Opioid-related deaths through August top last year's record numbers

Opioid-related deaths through August top last year’s record numbers

Last year, Vermont recorded the highest number of opioid overdose deaths the state has ever seen. This year could bring worse news if the latest numbers are any indication.

From January to August, according to the latest data from the state health department, 151 Vermont residents died from an opioid overdose, up 14 from the same time last year.

For most of this year, the monthly death tally has generally tracked 2021 figures. Since July, however, a gap has been widening, fueled by the powerful synthetic opioid fentanyl. If the numbers stay on this upward path, Vermont could again see an unprecedented number of opioid-related deaths.

When asked if the Vermont Department of Health was concerned that 2022 could surpass the record set last year, officials said they didn’t want to make any projections.

“We are careful not to infer a trend, as the data can change significantly from month to month,” Nicole Rau Mitiguy, the department’s substance abuse prevention manager, said in an email. “The Department remains committed to our overdose response work across the state.”

After a drop in overdose deaths in 2019, the numbers started to climb again in 2020, when the coronavirus pandemic hit Vermont. The health emergency has caused major upheavals, such as mass unemployment, loss of housing, food insecurity and the suspension of some medical and social services.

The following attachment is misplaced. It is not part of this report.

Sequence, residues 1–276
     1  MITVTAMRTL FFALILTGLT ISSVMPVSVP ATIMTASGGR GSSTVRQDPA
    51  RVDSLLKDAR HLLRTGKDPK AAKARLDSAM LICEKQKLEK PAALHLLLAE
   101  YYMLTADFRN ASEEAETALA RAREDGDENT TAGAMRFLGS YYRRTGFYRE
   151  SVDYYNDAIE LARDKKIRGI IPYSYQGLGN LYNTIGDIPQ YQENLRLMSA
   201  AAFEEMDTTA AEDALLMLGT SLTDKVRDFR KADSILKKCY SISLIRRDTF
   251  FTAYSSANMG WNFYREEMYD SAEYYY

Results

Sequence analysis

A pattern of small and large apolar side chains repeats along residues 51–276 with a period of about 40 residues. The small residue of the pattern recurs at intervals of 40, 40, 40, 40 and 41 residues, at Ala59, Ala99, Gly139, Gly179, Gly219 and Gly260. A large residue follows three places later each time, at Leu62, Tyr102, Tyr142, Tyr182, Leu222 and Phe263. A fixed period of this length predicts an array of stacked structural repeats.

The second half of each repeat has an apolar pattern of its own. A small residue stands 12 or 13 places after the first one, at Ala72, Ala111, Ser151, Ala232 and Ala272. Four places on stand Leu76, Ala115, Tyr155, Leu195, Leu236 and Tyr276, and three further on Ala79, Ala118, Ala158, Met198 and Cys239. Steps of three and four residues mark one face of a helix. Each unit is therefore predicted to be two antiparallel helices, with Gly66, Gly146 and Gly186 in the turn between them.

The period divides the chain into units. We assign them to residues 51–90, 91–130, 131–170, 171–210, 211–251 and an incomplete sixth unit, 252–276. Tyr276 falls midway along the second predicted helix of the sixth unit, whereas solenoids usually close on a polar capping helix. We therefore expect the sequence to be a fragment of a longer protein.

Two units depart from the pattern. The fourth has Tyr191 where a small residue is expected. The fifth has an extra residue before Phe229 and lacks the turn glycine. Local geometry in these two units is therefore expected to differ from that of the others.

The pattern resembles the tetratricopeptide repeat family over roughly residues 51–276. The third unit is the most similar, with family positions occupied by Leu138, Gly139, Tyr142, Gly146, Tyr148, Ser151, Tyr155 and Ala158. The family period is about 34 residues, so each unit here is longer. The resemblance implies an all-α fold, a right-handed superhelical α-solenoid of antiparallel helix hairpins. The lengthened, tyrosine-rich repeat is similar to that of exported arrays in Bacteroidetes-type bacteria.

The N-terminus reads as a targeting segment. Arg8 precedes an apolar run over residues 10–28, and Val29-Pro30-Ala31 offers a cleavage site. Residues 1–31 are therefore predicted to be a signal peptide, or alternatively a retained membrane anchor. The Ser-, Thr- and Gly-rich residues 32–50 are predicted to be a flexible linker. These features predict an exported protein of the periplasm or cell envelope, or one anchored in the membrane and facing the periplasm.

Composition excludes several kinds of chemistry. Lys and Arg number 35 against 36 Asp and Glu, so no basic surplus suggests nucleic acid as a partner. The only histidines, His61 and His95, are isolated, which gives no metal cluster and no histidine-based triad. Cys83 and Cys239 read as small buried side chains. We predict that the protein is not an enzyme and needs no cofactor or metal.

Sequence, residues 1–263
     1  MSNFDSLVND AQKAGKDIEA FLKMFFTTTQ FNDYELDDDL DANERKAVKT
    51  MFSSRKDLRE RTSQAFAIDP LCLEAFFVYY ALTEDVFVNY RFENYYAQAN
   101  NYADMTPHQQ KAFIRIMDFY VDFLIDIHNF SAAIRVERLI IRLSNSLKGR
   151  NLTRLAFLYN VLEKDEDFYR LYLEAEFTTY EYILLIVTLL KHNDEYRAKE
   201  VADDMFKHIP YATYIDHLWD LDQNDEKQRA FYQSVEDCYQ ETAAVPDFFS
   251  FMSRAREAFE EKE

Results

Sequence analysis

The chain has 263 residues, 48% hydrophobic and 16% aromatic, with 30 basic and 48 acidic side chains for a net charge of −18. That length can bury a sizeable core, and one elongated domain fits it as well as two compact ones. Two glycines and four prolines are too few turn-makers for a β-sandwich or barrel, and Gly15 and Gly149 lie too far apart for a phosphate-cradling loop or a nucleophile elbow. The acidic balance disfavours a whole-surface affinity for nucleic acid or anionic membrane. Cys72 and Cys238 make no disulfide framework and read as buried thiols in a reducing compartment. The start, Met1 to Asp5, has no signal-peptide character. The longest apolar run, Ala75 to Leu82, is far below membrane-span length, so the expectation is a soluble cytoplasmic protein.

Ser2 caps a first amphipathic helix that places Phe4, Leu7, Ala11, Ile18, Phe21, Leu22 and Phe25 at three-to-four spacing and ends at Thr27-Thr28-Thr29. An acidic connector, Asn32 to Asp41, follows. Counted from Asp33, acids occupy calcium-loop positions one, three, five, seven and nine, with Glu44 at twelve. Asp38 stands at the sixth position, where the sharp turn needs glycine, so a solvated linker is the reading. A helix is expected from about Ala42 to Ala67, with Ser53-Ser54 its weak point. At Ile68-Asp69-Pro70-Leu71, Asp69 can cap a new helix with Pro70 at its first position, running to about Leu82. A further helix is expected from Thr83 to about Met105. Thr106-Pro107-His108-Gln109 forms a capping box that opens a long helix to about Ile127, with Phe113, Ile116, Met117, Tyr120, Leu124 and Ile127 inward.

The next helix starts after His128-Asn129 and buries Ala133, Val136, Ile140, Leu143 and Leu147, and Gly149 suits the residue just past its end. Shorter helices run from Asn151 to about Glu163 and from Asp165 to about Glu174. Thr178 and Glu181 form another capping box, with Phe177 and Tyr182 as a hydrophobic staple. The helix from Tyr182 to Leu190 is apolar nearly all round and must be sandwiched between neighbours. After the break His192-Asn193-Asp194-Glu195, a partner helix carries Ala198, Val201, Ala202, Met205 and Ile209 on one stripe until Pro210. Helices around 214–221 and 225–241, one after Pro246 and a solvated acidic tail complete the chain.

People’s lives have been turned upside down by fear, anxiety, depression, stress, isolation and loneliness, which public health experts say has led some to start using substances and others to relapse.

Although Covid-19 has eased its grip on people’s daily lives, recovery experts say getting rid of the substances will take even longer.

“I don’t think just because the pandemic is over it’s just going to bounce back the way it was,” said Gary De Carolis, executive director of Recovery Partners of Vermont, a network of state recovery centers. . “In recovery centers we don’t see the same number of people coming in as before this happened.”

He said recovery center workers are now stepping up outreach to connect with more people in their communities.

“Go where they are,” De Carolis said, “whether that’s in a hotel or on the street.”

The state health department said the types of drugs on the streets also affect the opioid death toll. Over the past year, authorities have sounded the alarm over the growing prevalence of xylazine, an animal sedative, in the illicit opioid market. The drug is not approved for human use.

As of August, according to department data, xylazine was implicated in 43 of 151 deaths, or nearly 30%, of opioid-related deaths this year. That’s double the rate for the same months last year, when xylazine was in 20 of 137 deaths.

Because xylazine is not an opioid, it does not respond to naloxone, the opioid overdose reversal drug. Opioids containing xylazine may carry a higher risk of death, especially since there is no quick way to test for the presence of the drug, unlike fentanyl.

“Xylazine has certainly complicated overdose prevention because there is no current test strip or antidote,” Rau Mitiguy said earlier.

The department encourages people to contact VTHelplink, the state’s drug and alcohol support center, to learn more about available treatment and recovery services.

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